Hiraeth

Photo: jessica sealey

Photo: jessica sealey

By Aoife Inman:

It’s late but the evening light lingers at the peripheries of the ocean making the day stretch long into the night. Time seems to stretch here, the minutes distorted by the quiet swell of the ocean.

The air is full of mist; it pads out the twilight zone between the last dregs of evening and the soft beginnings of the morning. I’ve always thought this is an almost mythical piece of the day, when it’s neither light nor dark and the sky is damp and thick with salt, brushed in off the incoming tide. You can hold the mist between your teeth, wads of it pressed against the insides of your cheeks like cotton.

There aren’t many who bother to come down to the sea front at this hour, with the weather, as it is, temperamental and unforgiving. The wind bites and scratches at any scrap of skin left bare to the element and my thighs are lined with small red welts and scratches – the claws of the ocean have dug their way into me, right to the bone. Today, however, there are a few faces who peer palely over in my direction as I trail down the hill – van dwellers, keen surfers and fishermen, who are all, themselves, half brine and barely human, at least in the city sense of the word.

This was always the place I felt most at home, not here specifically but this ocean, this crack of coastline that juts out obstinately, defiant and secluded. It feels a million mile away from the industrial powerhouse cities I’ve made my home now.

Home. It’s a strange word whose weight has always felt uncomfortable in my mouth, hard and bitter. I was born on the road, moving between a collection of cardboard houses, each one like the last and yet lacking something. I resided in houses, habitats, a series of rooms, plaster, mortar and board – safe and comfortable but never permanent. To belong to just one place strikes me as an exhausting concept.

I thought when I had grown up that I’d settle somewhere; that I’d stop moving and plant some roots, or whatever the metaphor is, but I’ve realised that those moments, those years spent on the road, they get into your bones over time. Slowly, you barely feel it at first, but I can’t stay still now. I’ve tried, time and time again, found a place I love and settled there with a job and a plan and a circle of friends and then I feel that itch, again, against the soles of my feet. It’s like a disease, that itch, that want for change, it’s exhausting sometimes.

I walk along the cliff path, away from the cove, to the world’s edge where the grassy slope seems to fall away into the deafening blue. It’s a steep rocky path carved right into the grit and soil of the cliff, the sort that has been etched by many pairs of feet, worn over many years. When the tide eventually comes in it will cut off this path completely, a void of cold, blue Atlantic filling the space where my feet have trod. Nothing about the breadth or surface of this terrain is easily digestible. It’s a wholegrain, bran and fibre sort of landscape – some find it lonely, harsh, and unforgiving – I find myself falling in love with the rough corners of it every time I return.

When I was a child we were taught to spot currents on cliffs like this, our hands tracing the motions of the sea, trailing the lines of white foam that spread across the ocean like a film. I reach out my hand to lay it on the horizon, palm obscuring the bulb of the grey sun.

If you follow the cliff path round the curling edge of the peninsula you reach a town, a knot of tangled streets that overlap one another like old strings, every one gnarled with potholes and cobbles. I follow it now, zigzagging through kissing gates and through fields of thick grass. Everything is further apart here, houses and gardens stretch along the street, sand banks drag the beaches way out into the bay and the years seem to trickle by – I do not have to measure time so carefully here, there are months to spare.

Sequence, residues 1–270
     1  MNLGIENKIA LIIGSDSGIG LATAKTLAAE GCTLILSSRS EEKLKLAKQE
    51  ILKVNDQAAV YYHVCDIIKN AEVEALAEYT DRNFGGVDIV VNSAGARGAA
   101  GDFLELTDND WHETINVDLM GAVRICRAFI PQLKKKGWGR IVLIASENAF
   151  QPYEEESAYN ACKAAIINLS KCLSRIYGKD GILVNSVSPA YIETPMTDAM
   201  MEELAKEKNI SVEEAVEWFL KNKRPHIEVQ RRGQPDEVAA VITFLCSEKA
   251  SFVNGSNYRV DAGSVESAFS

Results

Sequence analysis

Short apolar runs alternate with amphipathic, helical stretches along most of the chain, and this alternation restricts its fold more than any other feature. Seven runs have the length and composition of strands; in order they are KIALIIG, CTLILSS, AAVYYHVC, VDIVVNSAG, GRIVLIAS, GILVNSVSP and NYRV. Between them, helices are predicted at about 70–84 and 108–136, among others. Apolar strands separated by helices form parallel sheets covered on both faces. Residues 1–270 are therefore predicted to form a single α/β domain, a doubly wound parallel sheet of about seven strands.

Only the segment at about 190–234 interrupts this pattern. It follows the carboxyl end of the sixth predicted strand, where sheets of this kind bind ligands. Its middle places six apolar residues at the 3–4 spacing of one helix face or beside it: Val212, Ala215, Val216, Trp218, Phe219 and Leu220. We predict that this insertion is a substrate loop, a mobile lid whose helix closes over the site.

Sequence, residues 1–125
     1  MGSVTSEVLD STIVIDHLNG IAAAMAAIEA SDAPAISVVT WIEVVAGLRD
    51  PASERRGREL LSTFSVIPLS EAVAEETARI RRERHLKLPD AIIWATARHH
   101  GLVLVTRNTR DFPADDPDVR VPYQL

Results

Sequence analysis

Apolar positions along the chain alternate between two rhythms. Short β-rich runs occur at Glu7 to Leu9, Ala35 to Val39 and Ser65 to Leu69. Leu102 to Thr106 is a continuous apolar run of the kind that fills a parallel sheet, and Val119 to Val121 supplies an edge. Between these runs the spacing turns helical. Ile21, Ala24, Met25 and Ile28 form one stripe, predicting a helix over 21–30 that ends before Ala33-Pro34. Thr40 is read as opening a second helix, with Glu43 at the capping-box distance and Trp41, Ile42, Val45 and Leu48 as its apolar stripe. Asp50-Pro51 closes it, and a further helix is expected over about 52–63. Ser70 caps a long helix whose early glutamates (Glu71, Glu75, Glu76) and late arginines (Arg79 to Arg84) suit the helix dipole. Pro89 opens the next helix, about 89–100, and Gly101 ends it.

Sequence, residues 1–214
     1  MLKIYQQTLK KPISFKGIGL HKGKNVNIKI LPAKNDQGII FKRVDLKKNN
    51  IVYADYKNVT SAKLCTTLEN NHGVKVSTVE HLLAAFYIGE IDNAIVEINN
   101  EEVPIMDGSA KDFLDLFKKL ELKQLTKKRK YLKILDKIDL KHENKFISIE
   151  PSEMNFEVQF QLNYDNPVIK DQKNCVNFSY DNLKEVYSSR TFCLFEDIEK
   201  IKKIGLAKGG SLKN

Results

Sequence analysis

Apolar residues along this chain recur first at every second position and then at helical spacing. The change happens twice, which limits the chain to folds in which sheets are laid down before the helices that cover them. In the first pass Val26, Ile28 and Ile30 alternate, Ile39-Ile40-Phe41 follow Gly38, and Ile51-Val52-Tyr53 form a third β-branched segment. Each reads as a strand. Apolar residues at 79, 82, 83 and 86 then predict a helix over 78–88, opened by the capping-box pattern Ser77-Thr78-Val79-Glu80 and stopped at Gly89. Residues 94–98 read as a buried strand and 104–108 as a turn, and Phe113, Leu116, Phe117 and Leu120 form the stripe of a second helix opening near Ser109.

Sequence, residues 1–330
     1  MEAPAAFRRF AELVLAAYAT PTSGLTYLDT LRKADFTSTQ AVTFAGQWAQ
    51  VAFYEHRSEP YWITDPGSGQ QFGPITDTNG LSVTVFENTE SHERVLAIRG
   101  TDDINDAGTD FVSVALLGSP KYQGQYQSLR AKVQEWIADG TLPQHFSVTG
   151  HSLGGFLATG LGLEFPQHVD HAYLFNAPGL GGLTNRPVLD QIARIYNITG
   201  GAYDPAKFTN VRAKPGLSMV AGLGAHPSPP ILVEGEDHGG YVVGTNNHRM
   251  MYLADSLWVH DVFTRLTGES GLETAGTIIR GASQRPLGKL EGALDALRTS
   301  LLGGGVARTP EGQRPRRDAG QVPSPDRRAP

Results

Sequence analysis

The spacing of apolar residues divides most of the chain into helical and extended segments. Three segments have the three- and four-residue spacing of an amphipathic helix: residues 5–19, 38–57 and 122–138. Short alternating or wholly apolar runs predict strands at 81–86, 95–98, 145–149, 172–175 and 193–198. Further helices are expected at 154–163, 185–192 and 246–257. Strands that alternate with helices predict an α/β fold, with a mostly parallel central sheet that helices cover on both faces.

The town is simple, a harbour filled with thin fishing boats and crab pots, a lifeboat house, a shop selling spades and 99 cones. It’s fixed in another time, another era where people worked with their hands, in the earth and the water.

This place is filled with mysticism, steeped in folklore, luck bound in rhymes and patterns of three. It’s everywhere you look, tucked in corners of woodland and thin waterfalls where faerie stacks topple. Down in the town the boats that jut out into the cove are named after mythical lands and magical creatures, suspicion has wormed its way amongst the men who tend the land and drag the sea.

“Look down there.” The mother leans into the clove of her son’s ear as she speaks. “Look down at that boat there, see the lions on its side?”

Sure enough, on its flanks are painted two yellow lions, their manes dipping and rising out of the green waters.

“They’re named after the legend of Lyonnesse…legend says there used to be a beautiful isle just set above Seven Stones reef that is halfway out to the Scillies. The city of lions and the land of Lyonesse, built with 140 churches atop it and a castle they say, all swallowed up in a single night by the ocean.”

The boy’s eyes widens as he listens, his hands gripping the handrails with his chubby palms.

His mother crouches down by his side, “look now do you see the top of the steeple there, just jutting out of the waves?”

He nods, eyes fixed on the grey sea.

The light is fading now, obscuring the edges of the day. Home, it’s a strange thing I think again, I wrap my tongue around it, a lump in the hollow of my mouth. It’s everywhere here and yet it feels distant. It’s in the lilt of the mother’s curling accent, the one I have lost over so many years spent away. It’s in each vowel, full bodied and warm, the crackle of pebbles under rubber boots in the evening tide, the low thud of water turning cliff to rubble.

I collect them in my palms as I count them, feel the weight of the love I hold for this place, and close my eyes as the day melts.

About the author:
Aoife Inman is a writer and historian based between Cornwall and Manchester. Her short stories have been published in Electric Reads’ Young Writers Anthology 2017 and New Binary Press’ 2018 Autonomy collection, as well as being long-listed for the 2016 Royal Academy Short Story Award. 

Like Home

In our home town of Berlin, Catherine Marshall visits an exhibition that explores notions of place and home through the work of different artists: